Looks aside, the theater has also become a shell of its former self in terms of the number and quality of performances – the lifeblood of any performing arts center. In fact, Seinfeld is one of the increasingly rare major acts that even plays Sacramento anymore, thanks to the Mondavi Center and Folsom’s Harris Center, both of which boast extraordinary facilities as well as arts-presenting organizations that fill their schedules.

By comparison, Sacramento’s theater is barely used. Out of 365 days per year, performances are held there on only about 90 days, leaving a jaw-dropping 275 empty days per year.

So what can we do? The first step is to throw the refurbishment plan out the window.

Merely refurbishing the theater would be, in no uncertain terms, an admission of defeat.

It would reign for decades as Sacramento’s ultimate monument to mediocrity.

And time is running out to do something about it.

As we speak, the city is sharpening its pencils to determine the cost of refurbishment, which has risen from $40 million to nearly $80 million.

And if you think Sacramento isn’t up to the task of building a new theater, then you have to wonder how other cities are doing it.

Salt Lake City is currently building a 2,500-seat theater for $119 million that was designed by César Pelli. San Antonio opened the beautiful Tobin Center for the Performing Arts in 2014 at a cost of $203 million. In 2008, Austin opened a $77 million, 2,400-seat theater.

Where would ours go? Certainly not where it’s at now. And by moving the theater from its current site, it frees up much-needed room for the convention center to expand.

At the moment, the leading location is a parking lot on Capitol Mall known as Lot X, owned by the Sacramento Kings. Here, the new facility would be virtually adjacent to the Crocker Art Museum and only blocks from the arena. There are other sites with merit, but this one is closest to shovel-ready status.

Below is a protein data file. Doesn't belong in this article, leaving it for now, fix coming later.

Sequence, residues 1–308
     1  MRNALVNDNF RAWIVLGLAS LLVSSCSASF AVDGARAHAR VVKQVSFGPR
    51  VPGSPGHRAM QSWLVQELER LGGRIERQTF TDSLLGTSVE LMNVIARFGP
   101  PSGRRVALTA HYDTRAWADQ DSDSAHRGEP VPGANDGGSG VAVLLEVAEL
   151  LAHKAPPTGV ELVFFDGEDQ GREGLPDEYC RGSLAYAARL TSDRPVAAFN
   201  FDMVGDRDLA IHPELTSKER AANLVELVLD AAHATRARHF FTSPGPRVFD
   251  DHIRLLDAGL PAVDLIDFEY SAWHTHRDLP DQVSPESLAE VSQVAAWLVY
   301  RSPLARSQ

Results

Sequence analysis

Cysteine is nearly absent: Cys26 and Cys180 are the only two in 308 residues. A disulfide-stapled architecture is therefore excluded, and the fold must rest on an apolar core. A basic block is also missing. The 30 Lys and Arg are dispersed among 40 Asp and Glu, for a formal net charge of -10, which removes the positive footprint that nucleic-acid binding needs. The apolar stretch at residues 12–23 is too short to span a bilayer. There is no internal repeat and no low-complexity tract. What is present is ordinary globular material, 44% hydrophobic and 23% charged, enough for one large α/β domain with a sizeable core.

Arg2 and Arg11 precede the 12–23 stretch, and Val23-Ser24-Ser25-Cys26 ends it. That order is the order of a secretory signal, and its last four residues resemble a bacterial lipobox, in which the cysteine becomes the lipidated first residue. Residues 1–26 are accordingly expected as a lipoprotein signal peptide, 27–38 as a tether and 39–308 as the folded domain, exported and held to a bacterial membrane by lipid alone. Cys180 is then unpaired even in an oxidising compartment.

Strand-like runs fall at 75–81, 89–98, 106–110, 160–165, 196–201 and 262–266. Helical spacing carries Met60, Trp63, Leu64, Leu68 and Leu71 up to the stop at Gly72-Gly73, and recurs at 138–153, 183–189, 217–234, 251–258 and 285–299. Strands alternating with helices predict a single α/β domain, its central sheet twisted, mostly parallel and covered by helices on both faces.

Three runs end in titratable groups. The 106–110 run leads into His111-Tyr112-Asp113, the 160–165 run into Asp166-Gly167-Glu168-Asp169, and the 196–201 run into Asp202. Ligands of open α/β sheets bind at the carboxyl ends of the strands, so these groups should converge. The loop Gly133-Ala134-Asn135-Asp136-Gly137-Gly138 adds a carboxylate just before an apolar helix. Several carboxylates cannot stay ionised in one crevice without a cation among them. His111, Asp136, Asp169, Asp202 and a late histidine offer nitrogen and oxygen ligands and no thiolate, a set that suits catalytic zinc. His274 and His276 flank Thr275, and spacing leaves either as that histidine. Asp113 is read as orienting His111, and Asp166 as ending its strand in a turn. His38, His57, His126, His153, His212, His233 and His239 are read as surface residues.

So now is the time for philanthropists, visionaries and city builders in Sacramento to step forward, much in the same way Golden 1 Credit Union did with its 20-year, $120 million naming rights deal for the arena. A $20 million naming rights deal for a new theater would kick things off nicely.

If the city is considering nearly $80 million in refurbishment costs for a D-list building, why not invest those funds in a new theater that will lift the arts, push downtown forward and pay dividends far beyond what’s possible with our current facility?

When you factor in the lost opportunities, the refurbishment plan isn’t just shortsighted, it’s fiscally and civically irresponsible. It ignores the needs of the majority of our region’s arts groups, and robs the city of an extraordinary economic and cultural catalyst.

If a new theater takes a few years, so be it. I’d rather wait five years for the right building than live with the wrong one for generations.

Spending $80 million to put some lipstick on one of our city’s worst buildings is embarrassing, shameful and recklessly pessimistic.

Instead, it’s time to raise the curtain on an optimistic new future. C’mon, people. We can do this.

Rob Turner is co-editor of Sactown Magazine. A longer version of this article appears at